• Novak Returns Home to Scorch Bucks

    Milwaukee - Steve Novak of the New York Knicks was in familiar territory at the BMO Harris Bradley Center Wednesday, and he burned the Milwaukee Bucks with his hot shooting and finished second in team scoring with 19 points, 10 behind forward Carmelo Anthony, who led all scorers with 29 in the Knicks' 102-88 win.

    Novak made 70 percent of his shots ( 7 for 10 ), including 5 of 7 from behind the arc. The Brown Deer and Marquette star played a season-high 40 minutes, and he made the most of it.

    "Coach (Mike Woodson) gave me good minutes," Novak said. "I think that's probably the most that I ever played. I was feeling good and, you know, coach had confidence in me. There's no place like playing at home."

    The 6-foot-10, sixth-year forward is a regular part of Woodson's rotation off the bench. "He's a nice piece of what we try to do defensively," Woodson said in his pregame press conference. "It's been tough on him so far in the early season. He's not been able to shake a lot of teams. I thought in the Detroit game (Nov. 25 at home) we were able to free him and he made shots.

    "He'll have nights where he's getting a lot of looks. There will be some nights where he's not getting looks. He just has to be ready to knock them down when he gets them."

    In the last five games prior to the Bucks contest, Novak averaged 21.6 minutes per game, shot 36 percent from the field and scored a total of 40 points, reaching double figures only once against the Pistons with 18 points.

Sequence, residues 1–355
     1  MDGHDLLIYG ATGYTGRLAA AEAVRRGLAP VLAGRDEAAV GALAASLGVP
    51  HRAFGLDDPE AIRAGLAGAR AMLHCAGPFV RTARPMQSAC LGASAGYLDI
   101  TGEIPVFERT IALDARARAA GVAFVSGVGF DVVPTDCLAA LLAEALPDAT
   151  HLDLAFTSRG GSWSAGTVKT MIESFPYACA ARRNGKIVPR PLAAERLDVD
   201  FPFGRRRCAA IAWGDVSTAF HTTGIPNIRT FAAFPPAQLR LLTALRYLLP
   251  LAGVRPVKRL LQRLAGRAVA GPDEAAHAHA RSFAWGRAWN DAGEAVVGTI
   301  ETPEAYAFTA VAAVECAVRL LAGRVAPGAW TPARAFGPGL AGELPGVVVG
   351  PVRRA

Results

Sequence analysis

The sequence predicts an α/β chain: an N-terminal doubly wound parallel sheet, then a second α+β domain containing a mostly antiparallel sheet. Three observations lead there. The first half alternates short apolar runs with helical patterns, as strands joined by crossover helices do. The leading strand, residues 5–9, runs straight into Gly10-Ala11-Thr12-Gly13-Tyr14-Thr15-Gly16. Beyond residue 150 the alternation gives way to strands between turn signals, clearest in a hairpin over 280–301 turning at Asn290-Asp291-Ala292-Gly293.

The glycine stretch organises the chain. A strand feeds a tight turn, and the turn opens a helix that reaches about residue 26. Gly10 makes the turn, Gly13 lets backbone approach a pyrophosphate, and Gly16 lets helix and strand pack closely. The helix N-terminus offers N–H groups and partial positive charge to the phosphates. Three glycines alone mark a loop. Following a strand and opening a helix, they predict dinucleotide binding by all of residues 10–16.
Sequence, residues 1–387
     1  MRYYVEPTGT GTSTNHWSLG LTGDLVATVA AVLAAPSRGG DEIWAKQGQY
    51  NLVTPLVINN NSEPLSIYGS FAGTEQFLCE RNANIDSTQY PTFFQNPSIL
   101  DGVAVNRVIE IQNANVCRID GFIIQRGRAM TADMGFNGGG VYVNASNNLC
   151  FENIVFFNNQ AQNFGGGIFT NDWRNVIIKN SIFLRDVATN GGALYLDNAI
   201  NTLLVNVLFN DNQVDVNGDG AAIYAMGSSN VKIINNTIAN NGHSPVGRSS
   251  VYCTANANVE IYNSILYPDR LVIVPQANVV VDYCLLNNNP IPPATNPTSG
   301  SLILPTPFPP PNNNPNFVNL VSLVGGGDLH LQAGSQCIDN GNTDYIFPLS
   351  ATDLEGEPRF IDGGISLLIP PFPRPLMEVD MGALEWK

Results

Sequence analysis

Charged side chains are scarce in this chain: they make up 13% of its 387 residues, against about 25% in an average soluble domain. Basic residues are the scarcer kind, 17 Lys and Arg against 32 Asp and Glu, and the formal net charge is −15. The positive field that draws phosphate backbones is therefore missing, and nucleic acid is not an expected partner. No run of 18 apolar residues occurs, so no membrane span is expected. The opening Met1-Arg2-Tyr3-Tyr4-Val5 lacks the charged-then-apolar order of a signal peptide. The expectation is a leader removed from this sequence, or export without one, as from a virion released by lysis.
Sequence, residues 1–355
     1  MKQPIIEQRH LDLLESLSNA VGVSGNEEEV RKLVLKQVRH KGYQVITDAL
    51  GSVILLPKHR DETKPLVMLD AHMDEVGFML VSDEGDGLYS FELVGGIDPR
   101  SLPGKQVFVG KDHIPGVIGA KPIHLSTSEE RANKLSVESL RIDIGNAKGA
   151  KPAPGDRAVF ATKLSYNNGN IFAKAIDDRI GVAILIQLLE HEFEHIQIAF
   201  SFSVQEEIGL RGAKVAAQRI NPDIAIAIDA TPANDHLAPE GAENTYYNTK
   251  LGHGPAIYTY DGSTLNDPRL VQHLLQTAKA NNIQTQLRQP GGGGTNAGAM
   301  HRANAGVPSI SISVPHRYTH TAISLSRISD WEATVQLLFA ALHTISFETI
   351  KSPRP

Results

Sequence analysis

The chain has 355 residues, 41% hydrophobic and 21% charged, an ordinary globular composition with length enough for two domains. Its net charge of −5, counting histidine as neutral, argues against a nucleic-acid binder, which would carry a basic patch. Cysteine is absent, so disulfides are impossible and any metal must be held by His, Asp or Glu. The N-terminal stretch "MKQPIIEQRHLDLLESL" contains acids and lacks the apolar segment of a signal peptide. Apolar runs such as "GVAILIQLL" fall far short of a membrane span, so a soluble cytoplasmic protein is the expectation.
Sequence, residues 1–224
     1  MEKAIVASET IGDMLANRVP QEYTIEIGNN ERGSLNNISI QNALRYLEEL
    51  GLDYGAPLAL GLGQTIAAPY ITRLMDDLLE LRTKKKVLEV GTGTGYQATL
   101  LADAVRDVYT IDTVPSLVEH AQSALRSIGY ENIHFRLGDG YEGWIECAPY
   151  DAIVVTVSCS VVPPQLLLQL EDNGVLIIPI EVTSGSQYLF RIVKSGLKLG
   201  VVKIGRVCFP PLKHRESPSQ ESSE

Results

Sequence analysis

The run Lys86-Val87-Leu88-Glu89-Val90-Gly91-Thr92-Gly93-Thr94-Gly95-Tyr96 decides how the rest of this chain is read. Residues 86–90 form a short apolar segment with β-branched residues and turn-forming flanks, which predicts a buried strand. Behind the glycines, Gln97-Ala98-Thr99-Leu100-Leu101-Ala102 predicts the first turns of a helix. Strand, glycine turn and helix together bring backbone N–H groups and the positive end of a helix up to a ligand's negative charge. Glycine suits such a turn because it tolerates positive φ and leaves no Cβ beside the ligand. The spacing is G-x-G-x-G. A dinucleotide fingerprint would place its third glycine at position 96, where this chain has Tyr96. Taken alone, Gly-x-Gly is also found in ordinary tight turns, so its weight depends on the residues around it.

"I do know these (Bradley Center) rims well," Novak said. "I shot a few shots on these."

    If there ever was a time to help with offensive production with point guard Jason Kidd out with back spasms, the time for Novak was now. He didn't disappoint the hometown crowd or the Novak clan in attendance who watched him in the Knicks' only visit to the BMO Harris Bradley Center.

    "Basketball is a funny sport," Novak said. "Sometimes in warmups you make a hundred in a row and then you can't make a thing in the game. I just came in, knowing that I made a few shots on these rims, and I let it fly when I got it."

    And let it fly Novak did. He hit his first shot, an 18-footer, with 9 minutes 6 seconds in the second quarter and made two threes to finish with 8 first half points as New York led 58-48. Novak made three more 3-pointers in the second half. He stole the ball and thought about what to do on a breakaway to the basket: Try to dunk or lay it in.

    "It was a good thing that he laid it up," Woodson said after the game. Said Novak, "I was thinking about dunking, but we all have our limitations."

    Bucks coach Scott Skiles had no answers on how to stop Novak. "A couple of (baskets) happened off other guys' breakdowns," he said. "We turned our head in the first half and (New York point guard Pablo) Prigioni cut us along the back baseline and he fired (a pass) to Steve (who made the shot). He's a heck of a shooter. You have to be on him."

    If the Knicks are looking for a scorer off the bench who can give them a spark, then Novak may be the man to do it.